The long awaited new Country Guidance case on Zimbabwe is finally out: EM and Others (Returnees) Zimbabwe CG  UKUT 98 (IAC) (BAILII link here). It includes interesting guidance not only on Zimbabwean asylum claims but also on dealing with cases where children have been resident for seven years or more.
The headnote is as follows:
1. Evaluating the position as at the end of January 2011, the country guidance at paragraph 267 of this determination replaces that in RN (Returnees) Zimbabwe CG  UKAIT 00083, as follows:
(1) As a general matter, there is significantly less politically motivated violence in Zimbabwe, compared with the situation considered by the AIT in RN. In particular, the evidence does not show that, as a general matter, the return of a failed asylum seeker from the United Kingdom, having no significant MDC profile, would result in that person facing a real risk of having to demonstrate loyalty to the ZANU-PF.
(2) The position is, however, likely to be otherwise in the case of a person without ZANU-PF connections, returning from the United Kingdom after a significant absence to a rural area of Zimbabwe, other than Matabeleland North or Matabeleland South. Such a person may well find it difficult to avoid adverse attention, amounting to serious ill-treatment, from ZANU-PF authority figures and those they control. The adverse attention may well involve a requirement to demonstrate loyalty to ZANU-PF, with the prospect of serious harm in the event of failure. Persons who have shown themselves not to be favourably disposed to ZANU-PF are entitled to international protection, whether or not they could and would do whatever might be necessary to demonstrate such loyalty (RT (Zimbabwe)  EWCA Civ 1285).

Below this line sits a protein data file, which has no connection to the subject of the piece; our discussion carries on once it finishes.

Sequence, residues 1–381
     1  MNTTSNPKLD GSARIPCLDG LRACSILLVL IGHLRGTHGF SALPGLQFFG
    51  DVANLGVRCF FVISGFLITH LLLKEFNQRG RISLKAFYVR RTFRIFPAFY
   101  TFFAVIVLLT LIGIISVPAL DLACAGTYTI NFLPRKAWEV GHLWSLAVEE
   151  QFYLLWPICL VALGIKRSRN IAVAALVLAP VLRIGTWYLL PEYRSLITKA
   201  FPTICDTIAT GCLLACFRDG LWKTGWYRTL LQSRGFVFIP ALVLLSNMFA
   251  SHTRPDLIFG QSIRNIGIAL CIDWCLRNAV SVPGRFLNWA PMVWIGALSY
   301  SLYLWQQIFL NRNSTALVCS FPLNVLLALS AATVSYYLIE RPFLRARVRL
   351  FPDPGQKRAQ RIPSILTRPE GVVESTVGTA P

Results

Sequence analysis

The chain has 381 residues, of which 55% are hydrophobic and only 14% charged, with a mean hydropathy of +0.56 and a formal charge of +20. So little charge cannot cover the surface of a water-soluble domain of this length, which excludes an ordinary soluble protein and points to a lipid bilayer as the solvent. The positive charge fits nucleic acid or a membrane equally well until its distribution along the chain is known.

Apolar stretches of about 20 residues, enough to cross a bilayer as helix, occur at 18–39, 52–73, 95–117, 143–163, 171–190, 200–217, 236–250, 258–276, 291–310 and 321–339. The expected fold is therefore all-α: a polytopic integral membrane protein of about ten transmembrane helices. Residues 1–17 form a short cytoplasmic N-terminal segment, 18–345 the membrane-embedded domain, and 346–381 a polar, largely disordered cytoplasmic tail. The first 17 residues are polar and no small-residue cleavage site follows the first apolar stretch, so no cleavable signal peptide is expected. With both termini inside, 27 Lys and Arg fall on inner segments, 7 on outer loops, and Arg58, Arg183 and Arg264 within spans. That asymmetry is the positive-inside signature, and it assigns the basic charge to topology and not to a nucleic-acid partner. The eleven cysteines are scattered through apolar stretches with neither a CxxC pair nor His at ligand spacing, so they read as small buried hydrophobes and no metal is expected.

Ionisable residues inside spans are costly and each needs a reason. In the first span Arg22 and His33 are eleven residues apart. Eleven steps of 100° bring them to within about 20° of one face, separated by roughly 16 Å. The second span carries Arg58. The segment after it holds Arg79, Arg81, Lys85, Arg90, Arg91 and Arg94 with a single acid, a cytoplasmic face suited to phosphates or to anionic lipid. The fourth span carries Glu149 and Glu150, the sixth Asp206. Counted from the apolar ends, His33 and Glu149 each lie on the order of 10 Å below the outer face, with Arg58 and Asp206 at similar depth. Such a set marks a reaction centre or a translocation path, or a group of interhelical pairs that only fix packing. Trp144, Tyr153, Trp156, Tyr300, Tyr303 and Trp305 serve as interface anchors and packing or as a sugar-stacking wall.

(3) The situation is not uniform across the relevant rural areas and there may be reasons why a particular individual, although at first sight appearing to fall within the category described in the preceding paragraph, in reality does not do so. For example, the evidence might disclose that, in the home village, ZANU-PF power structures or other means of coercion are weak or absent.
(4) In general, a returnee from the United Kingdom to rural Matabeleland North or Matabeleland South is highly unlikely to face significant difficulty from ZANU-PF elements, including the security forces, even if the returnee is a MDC member or supporter. A person may, however, be able to show that his or her village or area is one that, unusually, is under the sway of a ZANU-PF chief, or the like.
(5) A returnee to Harare will in general face no significant difficulties, if going to a low-density or medium-density area. Whilst the socio-economic situation in high-density areas is more challenging, in general a person without ZANU-PF connections will not face significant problems there (including a “loyalty test”), unless he or she has a significant MDC profile, which might cause him or her to feature on a list of those targeted for harassment, or would otherwise engage in political activities likely to attract the adverse attention of ZANU-PF.
(6) A returnee to Bulawayo will in general not suffer the adverse attention of ZANU-PF, including the security forces, even if he or she has a significant MDC profile.
(7) The issue of what is a person’s home for the purposes of internal relocation is to be decided as a matter of fact and is not necessarily to be determined by reference to the place a person from Zimbabwe regards as his or her rural homeland. As a general matter, it is unlikely that a person with a well-founded fear of persecution in a major urban centre such as Harare will have a viable internal relocation alternative to a rural area in the Eastern provinces. Relocation to Matabeleland (including Bulawayo) may be negated by discrimination, where the returnee is Shona.
(8) Internal relocation from a rural area to Harare or (subject to what we have just said) Bulawayo is, in general, more realistic; but the socio-economic circumstances in which persons are reasonably likely to find themselves will need to be considered, in order to determine whether it would be unreasonable or unduly harsh to expect them to relocate.